Improvement within 2 weeks and later treatment outcomes in patients with depressive disorders: The CRESCEND study

Jae Min Kim, Seon Young Kim, Robert Stewart, Joon An Yoo, Kyung Yeol Bae, Sung Won Jung, Min-Soo Lee, Hyeon Woo Yim, Tae Youn Jun

Research output: Contribution to journalArticlepeer-review

44 Citations (Scopus)


Background: Although antidepressants are conventionally given for 4-6 weeks before deciding on response, several reports suggest that early improvement predicts later outcomes. In a naturalistic national cohort study, we sought to investigate the predictive value of early improvement on Hamilton Depression Rating Scale (HAMD) score for later outcomes (depression (HAMD), anxiety (HAMA), global severity (CGI-s) and functioning (SOFAS)), as well as socio-demographic and clinical correlates of early improvement. Methods: Participants were recruited from 18 hospitals across South Korea. All met DSM-IV criteria for depressive disorders, scored ≥ 14 on the HAMD and received antidepressant treatment for up to 12 weeks. Treatment was naturalistic in that each clinician freely decided the types, doses, and regimes of antidepressant and concomitant medications. Early improvement was defined as a reduction in HAMD score of ≥ 20% compared with baseline within 2 weeks of treatment. Later treatment outcomes were measured at 4, 8, and 12 weeks. Results: In a recruited sample of 568 patients, early improvement predicted 12 week treatment outcomes with high sensitivity and high negative predictive values. The predictive values for HAMD and HAMA 12-week responses were higher compared to CGI-s and SOFAS responses. Early improvement was associated with higher monthly income, baseline lower anxiety and higher functioning levels. The patients with early improvement more frequently received antidepressant monotherapy. Limitations: The study was observational, and the treatment modality was naturalistic. Conclusions: Early antidepressant improvement strongly predicted later outcomes, and was associated with higher income, lower anxiety, and higher function.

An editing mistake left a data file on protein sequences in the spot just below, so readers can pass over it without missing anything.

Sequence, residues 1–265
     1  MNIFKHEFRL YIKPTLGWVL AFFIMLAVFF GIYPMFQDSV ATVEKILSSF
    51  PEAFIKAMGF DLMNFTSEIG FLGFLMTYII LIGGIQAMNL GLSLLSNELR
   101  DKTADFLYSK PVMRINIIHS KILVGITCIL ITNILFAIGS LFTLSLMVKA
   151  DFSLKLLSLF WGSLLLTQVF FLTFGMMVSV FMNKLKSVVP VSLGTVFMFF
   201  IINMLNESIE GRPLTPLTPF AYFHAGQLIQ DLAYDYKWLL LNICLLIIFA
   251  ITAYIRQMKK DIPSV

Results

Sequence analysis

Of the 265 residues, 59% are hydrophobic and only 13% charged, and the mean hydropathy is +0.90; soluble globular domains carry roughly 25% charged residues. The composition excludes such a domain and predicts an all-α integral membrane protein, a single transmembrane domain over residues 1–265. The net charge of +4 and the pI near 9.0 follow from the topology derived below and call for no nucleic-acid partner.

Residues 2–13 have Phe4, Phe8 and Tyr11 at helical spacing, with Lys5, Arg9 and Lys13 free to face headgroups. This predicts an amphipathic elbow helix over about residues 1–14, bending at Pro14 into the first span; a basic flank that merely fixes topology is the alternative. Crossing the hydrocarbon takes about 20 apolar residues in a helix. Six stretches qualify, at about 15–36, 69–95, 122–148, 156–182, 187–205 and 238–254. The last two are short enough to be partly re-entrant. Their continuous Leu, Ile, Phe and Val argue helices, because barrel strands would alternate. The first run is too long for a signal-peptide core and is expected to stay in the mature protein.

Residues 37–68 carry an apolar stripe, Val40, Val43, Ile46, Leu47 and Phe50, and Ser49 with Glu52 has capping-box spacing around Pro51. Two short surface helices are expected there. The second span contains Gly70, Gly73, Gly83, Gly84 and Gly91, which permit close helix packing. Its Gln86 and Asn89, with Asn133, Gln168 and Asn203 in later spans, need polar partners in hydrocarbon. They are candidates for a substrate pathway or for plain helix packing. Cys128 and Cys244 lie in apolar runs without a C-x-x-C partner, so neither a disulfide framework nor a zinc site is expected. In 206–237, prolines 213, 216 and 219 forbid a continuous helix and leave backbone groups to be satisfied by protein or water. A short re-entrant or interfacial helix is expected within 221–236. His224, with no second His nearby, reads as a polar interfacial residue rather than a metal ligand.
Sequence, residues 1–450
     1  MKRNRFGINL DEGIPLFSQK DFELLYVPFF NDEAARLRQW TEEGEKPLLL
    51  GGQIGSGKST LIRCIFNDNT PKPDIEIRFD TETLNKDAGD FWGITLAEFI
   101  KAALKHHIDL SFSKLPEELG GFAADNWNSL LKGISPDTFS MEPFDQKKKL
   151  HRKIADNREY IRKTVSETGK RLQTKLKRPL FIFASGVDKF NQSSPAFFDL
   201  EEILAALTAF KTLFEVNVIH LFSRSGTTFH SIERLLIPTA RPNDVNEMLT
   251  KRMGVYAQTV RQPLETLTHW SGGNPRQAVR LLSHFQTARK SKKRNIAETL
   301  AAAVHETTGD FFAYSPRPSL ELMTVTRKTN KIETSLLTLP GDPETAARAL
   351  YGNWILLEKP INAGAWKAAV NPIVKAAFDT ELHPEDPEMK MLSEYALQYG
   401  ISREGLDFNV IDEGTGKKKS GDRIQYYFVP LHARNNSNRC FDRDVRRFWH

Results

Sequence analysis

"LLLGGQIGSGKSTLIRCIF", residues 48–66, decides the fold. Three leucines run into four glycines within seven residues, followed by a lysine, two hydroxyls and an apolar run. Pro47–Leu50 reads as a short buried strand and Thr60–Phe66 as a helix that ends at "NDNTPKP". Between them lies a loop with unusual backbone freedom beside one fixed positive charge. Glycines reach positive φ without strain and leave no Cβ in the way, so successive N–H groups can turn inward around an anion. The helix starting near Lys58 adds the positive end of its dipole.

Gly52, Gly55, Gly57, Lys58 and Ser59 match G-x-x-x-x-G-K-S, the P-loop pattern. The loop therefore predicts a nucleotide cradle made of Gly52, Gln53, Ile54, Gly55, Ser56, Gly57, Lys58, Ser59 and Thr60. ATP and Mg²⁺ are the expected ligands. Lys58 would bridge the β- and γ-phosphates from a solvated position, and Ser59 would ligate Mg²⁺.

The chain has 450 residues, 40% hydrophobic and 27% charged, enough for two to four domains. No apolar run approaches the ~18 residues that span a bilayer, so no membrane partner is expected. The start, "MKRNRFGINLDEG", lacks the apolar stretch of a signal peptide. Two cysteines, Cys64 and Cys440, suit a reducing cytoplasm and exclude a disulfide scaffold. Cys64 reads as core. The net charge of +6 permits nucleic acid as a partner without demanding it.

Original languageEnglish
Pages (from-to)183-190
Number of pages8
JournalJournal of Affective Disorders
Issue number1-3
Publication statusPublished - 2011 Mar 1
Externally publishedYes


  • Depression
  • Early improvement
  • Korea
  • Predictor
  • Remission
  • Response

ASJC Scopus subject areas

  • Clinical Psychology
  • Psychiatry and Mental health


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